“I count it as an absolute certainty that in paradise, everyone naps. A nap is a perfect pleasure and it’s useful, too. It splits the day into two halves, making each half more manageable and enjoyable. How much easier it is to work in the morning if we know we have a nap to look forward to after lunch; and how much more pleasant the late afternoon and evening become after a little sleep. If you know there is a nap to come later in the day, then you can banish forever that terrible sense of doom one feels at 9 A.M. with eight hours of straight toil ahead. Not only that, but a nap can offer a glimpse into a twilight nether world where gods play and dreams happen.”
I’ve always been good at napping. Back in the day, when I was raising my family and working, and life was high-energy and jam-packed, I’d get a quick nap in while sitting in the orthodontist’s waiting room when one of the girls got their braces tightened. When it was me in the dentist’s chair, I can remember dozing off with my head tilted back and eyes closed, while my teeth were being cleaned. And, I could fall asleep standing up in a slow elevator with my head rested against the wall, on the climb up to my office. Those naps, in retrospect, were just signs of exhaustion. Now that I’ve learned to be idle in retirement, I take proper naps, and there is nothing so lovely as a nap in summer. A proper nap is not when you lie down on the sofa with your book, or on the lounge chair in dappled sunshine, or even in the hammock softly swaying under the tree branches. Rather, it’s best done when sunlight is streaming across the pillows on your bed, and through the open window you feel a cool breeze, and maybe hear the distant sound of a lawnmower or boat on the lake. Chirping robins are an added lullaby. Moments after you snuggle down into the pillows and feel your legs melt into the mattress, you find that you have somehow levitated above your body and are hovering there–“into a twilight nether world where gods play and dreams happen.” There are always sweet dreams, never bad ones, and then suddenly–maybe ten minutes later–you come back down into your body and realize you are awake, refreshed, and ready to pop back into the day. Winter naps are different. They are longer, deeper, and you need a nice cup of tea when you get up, to ease back into the remainder of the day. They are nice, of course, in their own way, but they are out of season right now.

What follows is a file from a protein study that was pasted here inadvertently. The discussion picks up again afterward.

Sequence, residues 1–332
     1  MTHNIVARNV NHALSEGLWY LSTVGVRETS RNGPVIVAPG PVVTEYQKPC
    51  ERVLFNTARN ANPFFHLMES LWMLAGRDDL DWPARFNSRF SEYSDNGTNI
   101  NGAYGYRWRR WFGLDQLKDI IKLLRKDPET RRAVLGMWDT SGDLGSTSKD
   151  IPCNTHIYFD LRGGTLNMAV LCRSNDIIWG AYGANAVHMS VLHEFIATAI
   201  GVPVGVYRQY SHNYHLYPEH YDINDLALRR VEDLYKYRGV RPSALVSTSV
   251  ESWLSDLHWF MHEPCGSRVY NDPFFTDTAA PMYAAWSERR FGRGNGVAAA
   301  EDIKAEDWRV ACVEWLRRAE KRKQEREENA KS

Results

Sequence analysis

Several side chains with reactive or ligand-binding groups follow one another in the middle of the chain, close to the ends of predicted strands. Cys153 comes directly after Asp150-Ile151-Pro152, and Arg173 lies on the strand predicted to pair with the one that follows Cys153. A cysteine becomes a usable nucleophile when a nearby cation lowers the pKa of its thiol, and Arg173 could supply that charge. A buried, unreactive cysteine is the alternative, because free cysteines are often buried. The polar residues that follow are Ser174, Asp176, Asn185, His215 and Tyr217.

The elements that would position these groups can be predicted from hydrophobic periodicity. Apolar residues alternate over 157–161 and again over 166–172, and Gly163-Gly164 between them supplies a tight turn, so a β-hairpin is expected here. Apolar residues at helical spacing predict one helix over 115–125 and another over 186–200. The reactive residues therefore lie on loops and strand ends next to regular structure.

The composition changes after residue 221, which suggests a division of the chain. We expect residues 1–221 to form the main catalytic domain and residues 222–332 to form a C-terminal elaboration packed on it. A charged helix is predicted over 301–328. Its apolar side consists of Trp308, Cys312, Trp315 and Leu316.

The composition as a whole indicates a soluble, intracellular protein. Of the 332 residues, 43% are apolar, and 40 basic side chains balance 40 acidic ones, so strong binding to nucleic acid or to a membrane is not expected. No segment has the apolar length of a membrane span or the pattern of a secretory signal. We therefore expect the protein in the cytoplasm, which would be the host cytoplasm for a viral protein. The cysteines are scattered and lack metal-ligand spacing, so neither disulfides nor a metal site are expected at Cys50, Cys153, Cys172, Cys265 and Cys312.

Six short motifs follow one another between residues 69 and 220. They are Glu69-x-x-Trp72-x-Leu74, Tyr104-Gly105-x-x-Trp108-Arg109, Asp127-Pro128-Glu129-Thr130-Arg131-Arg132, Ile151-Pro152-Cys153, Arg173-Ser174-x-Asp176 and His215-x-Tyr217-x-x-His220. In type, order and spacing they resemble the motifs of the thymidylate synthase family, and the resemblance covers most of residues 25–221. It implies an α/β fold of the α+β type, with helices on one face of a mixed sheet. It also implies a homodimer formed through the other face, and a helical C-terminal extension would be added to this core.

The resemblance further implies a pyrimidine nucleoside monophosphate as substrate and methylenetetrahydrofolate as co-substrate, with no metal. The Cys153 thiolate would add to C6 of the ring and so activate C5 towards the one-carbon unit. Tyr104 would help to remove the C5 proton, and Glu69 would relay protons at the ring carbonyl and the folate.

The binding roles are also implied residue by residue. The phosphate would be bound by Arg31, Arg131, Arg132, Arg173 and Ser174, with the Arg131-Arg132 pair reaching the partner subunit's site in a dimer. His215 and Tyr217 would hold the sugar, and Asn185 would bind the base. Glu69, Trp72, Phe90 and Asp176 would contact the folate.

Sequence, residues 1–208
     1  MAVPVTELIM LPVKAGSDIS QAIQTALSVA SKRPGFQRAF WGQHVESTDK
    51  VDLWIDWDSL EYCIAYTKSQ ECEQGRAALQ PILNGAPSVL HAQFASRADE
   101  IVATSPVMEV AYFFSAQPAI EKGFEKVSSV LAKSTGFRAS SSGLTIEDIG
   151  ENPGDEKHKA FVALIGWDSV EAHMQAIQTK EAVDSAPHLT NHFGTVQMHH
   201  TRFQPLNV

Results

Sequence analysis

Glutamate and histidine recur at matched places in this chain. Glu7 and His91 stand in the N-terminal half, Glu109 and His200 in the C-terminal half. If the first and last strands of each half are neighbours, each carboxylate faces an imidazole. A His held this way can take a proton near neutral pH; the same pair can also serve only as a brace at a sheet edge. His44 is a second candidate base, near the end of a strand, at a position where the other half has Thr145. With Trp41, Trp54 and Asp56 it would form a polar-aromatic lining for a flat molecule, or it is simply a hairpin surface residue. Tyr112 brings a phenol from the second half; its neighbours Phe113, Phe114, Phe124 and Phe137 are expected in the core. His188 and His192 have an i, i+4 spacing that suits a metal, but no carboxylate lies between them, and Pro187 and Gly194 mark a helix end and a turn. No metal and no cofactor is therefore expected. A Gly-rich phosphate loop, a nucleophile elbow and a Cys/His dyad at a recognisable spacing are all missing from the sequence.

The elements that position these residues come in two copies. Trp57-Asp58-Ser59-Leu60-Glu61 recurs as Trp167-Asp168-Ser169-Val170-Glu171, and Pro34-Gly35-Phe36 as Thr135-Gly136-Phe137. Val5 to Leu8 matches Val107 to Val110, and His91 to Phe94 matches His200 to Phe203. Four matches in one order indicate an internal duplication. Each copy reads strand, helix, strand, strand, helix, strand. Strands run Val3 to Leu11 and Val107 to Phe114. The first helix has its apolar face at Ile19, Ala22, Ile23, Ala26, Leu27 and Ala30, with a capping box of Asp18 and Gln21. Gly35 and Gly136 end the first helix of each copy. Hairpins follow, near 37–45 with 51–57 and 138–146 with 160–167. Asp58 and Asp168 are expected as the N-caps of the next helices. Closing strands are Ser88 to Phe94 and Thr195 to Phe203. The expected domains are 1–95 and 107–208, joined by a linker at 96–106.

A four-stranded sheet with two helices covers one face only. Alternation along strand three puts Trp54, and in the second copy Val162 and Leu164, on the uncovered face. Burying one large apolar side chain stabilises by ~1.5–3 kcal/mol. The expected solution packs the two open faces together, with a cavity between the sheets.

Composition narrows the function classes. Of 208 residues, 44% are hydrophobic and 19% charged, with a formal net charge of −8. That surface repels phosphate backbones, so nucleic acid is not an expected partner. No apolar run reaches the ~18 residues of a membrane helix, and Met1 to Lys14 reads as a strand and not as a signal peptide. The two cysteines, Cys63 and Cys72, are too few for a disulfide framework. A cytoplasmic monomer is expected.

In between the daily showers and thunderstorms, there have been perfect napping conditions filled with sunshine and birdsong. There are days now that truly feel like summer–at least for a good portion of the day. Those are the evenings when I watch the sunset from the porch, quiet and still, and I think back to the morning, and often can’t remember if it was this morning, or was that yesterday morning. These are the days in which it feels like all of summer has happened in one day, so full, of so much time.
Soon, the speed of time around here will greatly accelerate, as all my family arrive at once for weeks together at the lake. It is so fun, so high energy, so exhilarating, with grandkids at play, and non-stop adult chatter, and late night drinking. In our lives now, this is what makes summer, Summer. I remember twenty plus years ago, when we were designing the lake house, Don cautioned me that we must build it for ourselves–not for visions of visiting children, or for the grandkids we might have in the future. With all the girls scattered around the country, we must prepare for being alone here. As it has turned out, there’s a dormitory room upstairs, lined with beds, and photos on the walls of grandchildren over eighteen summers, when grandkids have filled the house and spilled into the lake in summer fun. And, a fair number of Thanksgivings and Christmases as well, documented by ice skating and sledding photos. It has all turned out just grand, just grand.
Soon, my summer naps will leave the realm of poetry and turn into survival reality! We are storing up our energy, and counting down the days, to what is always the very best part of summer at the lake.
“The time has come,” the Walrus said,
“To talk of many things:
Of shoes—and ships—and sealing-wax—
Of cabbages—and kings—
And why the sea is boiling hot—
And whether pigs have wings.” —Lewis Carroll